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How China Practices the Invasion of Taiwan

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Asia Defense

How China Practices the Invasion of Taiwan

Recent Chinese military maneuvers in the Bashi Channel had only one purpose.

How China Practices the Invasion of Taiwan

Jiangkai II (Type 054A) Class Frigate

Credit: Wikimedia Commons

The People’s Liberation Army (PLA) has recently been practicing the invasion of Taiwan with a number of joint air-sea military exercises in and around the Bashi Channel, in close proximity to Taiwanese territory.

As I reported last week (see: “China Holds Naval Drills Near Taiwan and Philippines”), the most recent exercise involved the simulation of real combat conditions in the waters east of the Bashi Channel, including long-range precision strikes and aerial combat.

According to IHS Jane’s Defense Weekly, the Chinese naval task force consisted of a Type 052B destroyer, a Type 054A frigate — side note: two ships of this class also recently participated in a joint Sino-Russian maritime exercise — and a Type 904 general stores issue ship.

The People’s Liberation Army Air Force (PLAAF) deployed a number of H-6G/K strategic bombers and J-11B air superiority fighter jets. The H-6K can carry six KD-20 land attack cruise missiles as well as “a wide range of new precision-guided munitions available from four Chinese weapon manufacturers,” IHS Jane’s Defense Weekly states.

The article also discussed a PLA Daily review of another naval drill — a mobility exercise involving a 20,000-ton civilian roll-on/roll-off (ro-ro) ferry, which was seconded to the PLAAF Transportation Department, and transported troops and vehicles from the Bohai to the South China Sea. IHS Jane’s Defense Weekly summarized the rationale behind this move:

To compensate for the relatively small size of its formal naval amphibious transport fleet the PLA has co-funded construction of a large number of ferries used by civilian companies. They will be made available to the PLA during emergencies and are a frequent element in civil-military transport exercises.

Additionally, IHS Jane’s points out that the PLA Daily article included an officer giving a briefing with a map that resembled Taiwan. The article also notes that China might be capable of moving eight to 12 divisions to Taiwan in the event of war. However, as a 2014 U.S. Department of Defense report emphasizes:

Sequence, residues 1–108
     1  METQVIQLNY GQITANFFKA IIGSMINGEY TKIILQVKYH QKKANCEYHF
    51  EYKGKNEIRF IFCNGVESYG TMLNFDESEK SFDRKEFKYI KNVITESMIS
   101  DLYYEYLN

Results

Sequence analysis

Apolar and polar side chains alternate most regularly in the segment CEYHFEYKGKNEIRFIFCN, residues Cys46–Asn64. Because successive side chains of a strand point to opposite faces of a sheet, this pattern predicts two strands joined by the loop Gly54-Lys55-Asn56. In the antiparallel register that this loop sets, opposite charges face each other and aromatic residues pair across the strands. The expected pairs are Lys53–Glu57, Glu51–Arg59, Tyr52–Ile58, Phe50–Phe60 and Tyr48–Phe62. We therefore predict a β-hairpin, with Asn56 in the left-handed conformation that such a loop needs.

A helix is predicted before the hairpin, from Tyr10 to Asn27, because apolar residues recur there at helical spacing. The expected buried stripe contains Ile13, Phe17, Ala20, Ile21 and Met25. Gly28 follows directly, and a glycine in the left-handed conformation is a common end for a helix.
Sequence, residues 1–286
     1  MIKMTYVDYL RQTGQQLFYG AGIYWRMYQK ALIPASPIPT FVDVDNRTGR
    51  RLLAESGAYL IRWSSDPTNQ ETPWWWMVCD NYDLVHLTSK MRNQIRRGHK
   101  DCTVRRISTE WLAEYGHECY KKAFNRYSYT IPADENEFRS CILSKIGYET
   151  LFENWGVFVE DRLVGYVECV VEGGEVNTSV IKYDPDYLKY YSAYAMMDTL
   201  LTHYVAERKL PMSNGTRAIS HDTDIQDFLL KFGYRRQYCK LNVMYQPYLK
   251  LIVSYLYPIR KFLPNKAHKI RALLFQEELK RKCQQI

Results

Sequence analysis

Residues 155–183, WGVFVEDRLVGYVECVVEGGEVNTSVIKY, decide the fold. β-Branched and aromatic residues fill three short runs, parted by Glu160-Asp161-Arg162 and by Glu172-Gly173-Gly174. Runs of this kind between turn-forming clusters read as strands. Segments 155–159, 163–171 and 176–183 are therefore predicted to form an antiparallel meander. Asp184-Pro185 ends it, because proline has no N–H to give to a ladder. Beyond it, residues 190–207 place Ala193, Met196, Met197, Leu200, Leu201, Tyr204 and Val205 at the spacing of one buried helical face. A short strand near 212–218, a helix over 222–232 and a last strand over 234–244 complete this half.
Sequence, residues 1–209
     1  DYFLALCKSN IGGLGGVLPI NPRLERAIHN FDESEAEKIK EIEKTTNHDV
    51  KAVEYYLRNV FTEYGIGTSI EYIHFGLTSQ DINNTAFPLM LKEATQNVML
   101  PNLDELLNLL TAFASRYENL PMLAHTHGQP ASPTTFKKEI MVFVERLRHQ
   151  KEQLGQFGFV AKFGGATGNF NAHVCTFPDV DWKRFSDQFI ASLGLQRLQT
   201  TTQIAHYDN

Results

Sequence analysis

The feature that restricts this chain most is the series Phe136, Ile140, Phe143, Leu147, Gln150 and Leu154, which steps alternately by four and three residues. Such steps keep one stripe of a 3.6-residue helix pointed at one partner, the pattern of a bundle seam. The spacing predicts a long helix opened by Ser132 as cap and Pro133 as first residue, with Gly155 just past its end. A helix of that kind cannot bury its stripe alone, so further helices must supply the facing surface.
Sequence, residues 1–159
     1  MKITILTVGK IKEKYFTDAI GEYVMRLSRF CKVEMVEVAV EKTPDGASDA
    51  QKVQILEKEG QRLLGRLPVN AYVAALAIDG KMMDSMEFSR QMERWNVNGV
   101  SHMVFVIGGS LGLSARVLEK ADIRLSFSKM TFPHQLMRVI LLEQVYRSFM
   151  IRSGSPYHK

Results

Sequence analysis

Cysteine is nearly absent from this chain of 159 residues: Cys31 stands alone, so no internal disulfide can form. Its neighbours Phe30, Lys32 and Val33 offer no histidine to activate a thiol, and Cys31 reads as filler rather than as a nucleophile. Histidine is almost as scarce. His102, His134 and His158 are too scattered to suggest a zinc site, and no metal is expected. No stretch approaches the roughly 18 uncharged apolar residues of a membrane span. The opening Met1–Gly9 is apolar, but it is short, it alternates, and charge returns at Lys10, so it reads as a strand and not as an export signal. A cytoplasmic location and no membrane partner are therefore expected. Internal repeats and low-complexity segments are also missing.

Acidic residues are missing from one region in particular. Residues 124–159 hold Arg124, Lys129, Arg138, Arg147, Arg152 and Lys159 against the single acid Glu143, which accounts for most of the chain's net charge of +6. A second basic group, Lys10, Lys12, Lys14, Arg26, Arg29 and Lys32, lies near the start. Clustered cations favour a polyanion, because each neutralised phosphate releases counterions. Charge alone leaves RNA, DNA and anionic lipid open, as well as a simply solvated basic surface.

Large-scale amphibious invasion is one of the most complicated and difficult military operations the PLA might pursue in a cross-Strait contingency. Success would depend upon air and sea superiority, rapid buildup and sustainment of supplies on shore, and uninterrupted support. An attempt to invade Taiwan would strain China’s armed forces and invite international intervention …. China does not appear to be building the conventional amphibious lift required to support such a campaign.

Back in January, the PLA also announced that it will double the number of its Amphibious Mechanized Infantry Divisions (AMID) from two to four (see: “China Just Doubled the Size of Its Amphibious Mechanized Infantry Divisions”). Total manpower in the AMIDs will soon be around 52,000 – 60,000, up from 30,000. These new amphibious forces are meant to complement the roughly 20,000 strong elite PLA Marine Corps in future conflicts with Taiwan.

Yet the DoD study also puts this in perspective:

The PLA is capable of accomplishing various amphibious operations short of a full-scale invasion of Taiwan. With few overt military preparations beyond routine training, China could launch an invasion of small Taiwan-held islands in the South China Sea such as Pratas or Itu Aba. A PLA invasion of a medium-sized, better defended offshore island such as Matsu or Jinmen is within China’s capabilities.